Often when considering taking a course it is common practice to ask whether the information can be applied to our own individual lives and if the acquired takeaways are even worth our time. Total change is not something that can happen overnight. Being intentional is imperative when it pertains to economic prosperity. Our daily actions matter and our ability to capitalize on the opportunities granted to us is a decision we must make for ourselves. Conversing with Ngozi is proof that anyone in any life stage can work towards securing his or her financial future-- transcending obvious limiting factors such as systemic racial bias, worldwide economic distress as a result of the pandemic, and various ethnic barriers.

- Acknowledge and become comfortable with defining who you are- our educational status and the opportunities we find ourselves in qualify us to navigate and thrive in a multitude of arenas. Capitalize on that.

- Style it! Make an investment in yourself and discover what the equity (the return from that investment) will be.

- Have a good exit plan. Opportunities do eventually come to an end -- a company's agenda may change and your role may no longer be needed. Our ability to use our experiences is imperative for securing a prosperous predictable future. It is important to remember that every new financial opportunity is a way to cash in on the skills acquired from the places we once occupied.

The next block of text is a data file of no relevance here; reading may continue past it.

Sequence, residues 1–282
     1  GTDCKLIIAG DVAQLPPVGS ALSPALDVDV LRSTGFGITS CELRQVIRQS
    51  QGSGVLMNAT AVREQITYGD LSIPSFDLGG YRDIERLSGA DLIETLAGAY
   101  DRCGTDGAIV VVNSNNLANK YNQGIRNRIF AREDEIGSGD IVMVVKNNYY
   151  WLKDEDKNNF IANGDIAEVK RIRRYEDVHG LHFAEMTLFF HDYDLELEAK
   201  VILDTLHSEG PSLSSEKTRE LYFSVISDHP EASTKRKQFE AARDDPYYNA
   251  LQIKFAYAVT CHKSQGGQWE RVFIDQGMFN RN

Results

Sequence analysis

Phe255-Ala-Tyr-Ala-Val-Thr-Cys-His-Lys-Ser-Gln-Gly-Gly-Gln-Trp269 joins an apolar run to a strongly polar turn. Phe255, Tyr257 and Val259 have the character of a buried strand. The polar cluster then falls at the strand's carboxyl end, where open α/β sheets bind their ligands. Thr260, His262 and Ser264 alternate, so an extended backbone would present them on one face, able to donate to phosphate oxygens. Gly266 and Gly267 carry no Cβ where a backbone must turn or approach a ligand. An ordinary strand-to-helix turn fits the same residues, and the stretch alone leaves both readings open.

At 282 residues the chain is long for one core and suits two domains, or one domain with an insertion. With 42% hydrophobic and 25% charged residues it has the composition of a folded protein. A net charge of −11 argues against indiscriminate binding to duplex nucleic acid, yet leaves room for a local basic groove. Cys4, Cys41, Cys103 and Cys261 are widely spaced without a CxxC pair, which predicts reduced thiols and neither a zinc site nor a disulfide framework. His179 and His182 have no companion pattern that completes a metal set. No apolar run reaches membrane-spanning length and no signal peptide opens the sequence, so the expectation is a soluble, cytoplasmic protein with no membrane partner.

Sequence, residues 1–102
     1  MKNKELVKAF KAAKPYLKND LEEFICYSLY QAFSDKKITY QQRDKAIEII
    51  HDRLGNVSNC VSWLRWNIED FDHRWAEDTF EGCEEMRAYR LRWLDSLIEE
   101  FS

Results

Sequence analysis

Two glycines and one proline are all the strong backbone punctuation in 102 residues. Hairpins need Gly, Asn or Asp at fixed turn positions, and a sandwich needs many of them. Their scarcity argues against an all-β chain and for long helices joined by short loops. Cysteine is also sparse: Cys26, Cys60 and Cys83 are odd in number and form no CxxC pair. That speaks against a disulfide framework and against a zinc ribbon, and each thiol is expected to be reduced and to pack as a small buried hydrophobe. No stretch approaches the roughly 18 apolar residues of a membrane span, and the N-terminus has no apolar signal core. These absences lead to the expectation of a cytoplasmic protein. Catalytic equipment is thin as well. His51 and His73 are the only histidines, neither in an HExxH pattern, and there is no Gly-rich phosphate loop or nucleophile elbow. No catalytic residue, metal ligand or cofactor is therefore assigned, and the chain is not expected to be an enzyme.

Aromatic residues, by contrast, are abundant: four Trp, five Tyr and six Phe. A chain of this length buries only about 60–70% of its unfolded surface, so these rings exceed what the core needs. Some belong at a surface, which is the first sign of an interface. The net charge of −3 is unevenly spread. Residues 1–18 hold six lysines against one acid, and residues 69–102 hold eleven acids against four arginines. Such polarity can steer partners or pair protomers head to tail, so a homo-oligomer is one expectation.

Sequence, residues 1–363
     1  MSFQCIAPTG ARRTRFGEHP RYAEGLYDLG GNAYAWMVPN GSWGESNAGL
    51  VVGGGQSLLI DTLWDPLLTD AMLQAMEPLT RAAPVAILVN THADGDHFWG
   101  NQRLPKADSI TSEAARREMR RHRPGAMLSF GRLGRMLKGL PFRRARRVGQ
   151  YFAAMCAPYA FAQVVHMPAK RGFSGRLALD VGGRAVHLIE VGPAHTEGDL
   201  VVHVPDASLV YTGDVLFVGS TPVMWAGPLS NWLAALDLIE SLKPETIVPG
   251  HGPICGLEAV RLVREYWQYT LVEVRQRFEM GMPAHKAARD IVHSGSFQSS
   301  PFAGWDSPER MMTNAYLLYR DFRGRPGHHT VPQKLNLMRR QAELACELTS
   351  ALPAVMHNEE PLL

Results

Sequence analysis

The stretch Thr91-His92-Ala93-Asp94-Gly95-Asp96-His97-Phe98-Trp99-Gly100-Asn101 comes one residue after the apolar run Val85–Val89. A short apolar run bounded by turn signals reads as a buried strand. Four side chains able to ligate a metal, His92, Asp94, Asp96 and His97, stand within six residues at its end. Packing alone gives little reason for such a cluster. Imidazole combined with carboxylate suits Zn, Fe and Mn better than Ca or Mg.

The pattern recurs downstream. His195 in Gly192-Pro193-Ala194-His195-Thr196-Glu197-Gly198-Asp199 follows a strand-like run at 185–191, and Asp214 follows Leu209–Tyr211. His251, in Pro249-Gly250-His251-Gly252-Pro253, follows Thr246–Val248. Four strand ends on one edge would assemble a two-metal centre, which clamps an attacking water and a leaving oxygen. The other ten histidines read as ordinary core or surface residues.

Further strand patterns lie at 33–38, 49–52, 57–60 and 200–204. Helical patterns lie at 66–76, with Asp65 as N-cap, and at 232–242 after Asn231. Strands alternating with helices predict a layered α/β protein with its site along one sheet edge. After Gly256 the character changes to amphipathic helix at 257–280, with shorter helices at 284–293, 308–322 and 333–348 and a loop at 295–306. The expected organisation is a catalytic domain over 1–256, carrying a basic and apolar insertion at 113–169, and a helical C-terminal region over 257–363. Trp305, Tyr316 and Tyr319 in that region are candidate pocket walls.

Minor setbacks yield major comebacks
There is no preset timeline one's life must fall into to guarantee economic prosperity. Missteps and diversions are simply part of our human nature. While many often assume Ngozi Bell is a super serious individual, she is actually very chill and easygoing. Ngozi is very understanding, interested and invested in others' present and future lives. Her course is merely an extension of who she is -- it's a way for her to educate others on a practice she has utilized for many years.

Ngozi, her life, her work, and her message is a market demand. Voices like hers need to be heard and the content she is sharing is an absolute necessity. So ask yourself, what am I building? What enterprise does my life support? Am I living a life that is pushing me towards economic posterity, and is my future predictable? Then attend Ngozi's course which starts Thursday, October 22, 2020.

You'll thank me later.

Opinions expressed by the author are not necessarily those of WITI.